Yesterday I finally solved the mystery of Dad’s cousin, I.J. (Izzy) Wagner, who was one of the most influential men in Utah. You may recall that I wrote about him three years ago. (Wow People I have Met) I have been trying to figure out the connection between our two families on and off for years and am thrilled to have finally unraveled the pieces. I realize it is an eye-rolling event for anyone but me and possibly other genealogy addicts, but nevertheless, I wanted to share my news.

The key was Dad’s extensive family in Boston, a fact that was news to Dad when I told him that his paternal great-great grandparents resided in the capital city of Massachusetts. That grandfather was a man named Harris Wolfson, who came to America from Russia in 1900 along with his wife and five children. He became a teacher of Hebrew. Dad’s grandfather, Misha, was Harris’ grandson.

I learned that cousin Izzy was the son of a man named Harry Wagner who also immigrated to Boston from Russia, so I focused on that family. Izzy’s mother’s obituary told me that her mother was a woman named Leona Wolfson, so I believed the Wolfson family was the key. (Izzy’s mother was named Rose.)

It was not until yesterday that the case broke wide open when I examined the ship’s record for Rose’s brother-in-law Abraham and learned that Abraham was heading to the home of Grandpa Harris, his wife’s uncle. This (along with many other minor details) confirmed that Grandpa Harris was the brother of cousin Izzy’s grandmother, Great-Great-Great Aunt Leona Wolfson.) Are you dizzy yet? As confusing as this appears, I have actually simplified all the dots that I connected.

I know, I know, who cares! But I am thrilled that I solved my human crossword puzzle, and you should again be warned that I am relentless in my search for answers. I can eventually find almost everyone, so I guess when I said in my high school directory that I was a private investigator, I was really not lying.

Perhaps I should have been sent to the Ukraine to help untangle the web of deceit that is being uncovered in the impeachment investigation.

P.S. Izzy is Dad’s 2nd cousin twice removed.

Letting Go

Daddy got a surprise call today from the new “father” of his baby yesterday, and he was so excited to learn about what had happened since that child left us over five years ago. He had not had any contact since last seeing her. I know that seems unusual. They parted ways on good terms.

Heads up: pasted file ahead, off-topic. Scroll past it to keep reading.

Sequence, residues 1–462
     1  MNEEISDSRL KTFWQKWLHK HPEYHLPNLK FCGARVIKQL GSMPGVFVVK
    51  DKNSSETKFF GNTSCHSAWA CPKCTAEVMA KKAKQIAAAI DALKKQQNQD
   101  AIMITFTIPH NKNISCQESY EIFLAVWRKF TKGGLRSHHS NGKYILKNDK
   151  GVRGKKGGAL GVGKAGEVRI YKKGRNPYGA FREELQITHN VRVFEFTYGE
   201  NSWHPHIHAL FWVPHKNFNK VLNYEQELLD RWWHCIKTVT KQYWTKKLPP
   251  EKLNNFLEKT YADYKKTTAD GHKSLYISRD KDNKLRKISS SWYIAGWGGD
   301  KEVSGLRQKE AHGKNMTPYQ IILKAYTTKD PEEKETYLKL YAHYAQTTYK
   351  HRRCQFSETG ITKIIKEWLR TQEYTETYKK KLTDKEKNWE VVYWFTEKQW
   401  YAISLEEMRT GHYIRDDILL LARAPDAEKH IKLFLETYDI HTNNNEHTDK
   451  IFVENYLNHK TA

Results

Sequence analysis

I remember the day we said goodbye. It was a cold day in February, and there were remnants of snow on the ground, which is quite rare here in South Carolina. We both watched as she pulled out of our driveway and we waved so long.

I know how difficult it was for Dad to let go, but it was time. After all, his baby was twenty-seven years old. Still, it is always difficult to watch our babies leave.

But Dad was happy to learn that his baby had been well-cared for and had actually garnered some fame in her new life—even appearing on a poster among her peers. She even had an encounter with Jerry Seinfeld out in California where she now lives.

I think Dad felt a sense of closure now knowing what had happened to his baby. She is moving on again and he asked that he be kept in the loop during the next chapter of her life.

Here is a photo as she looked when we last saw her.

Be Patient and Go With the Flow

Dad and I stopped by Sam’s Club today to pick up four items: Cashews, pretzels, English muffins, and a package of “Fiber One Oats and Chocolate Chewy Bars.”

It should have been a quick easy-in, easy-out, but that’s not how it went down.

The first stop was the bread aisle, and while Dad was looking for the muffins, I strolled by the wine aisle looking to see if they carried one of my new favorite Cabernets. They did not, so I headed off to see how Dad was doing.

I found him enjoying a few bites of cheesecake—just like Grandma used to make. As a matter of fact, when I told the nice Sam’s club woman handing out the samples that it tasted like my mom’s, she told me it was called “New York Cheesecake.” I explained that my mother lives in New Jersey, so perhaps they should change the name to “New Jersey Cheesecake.”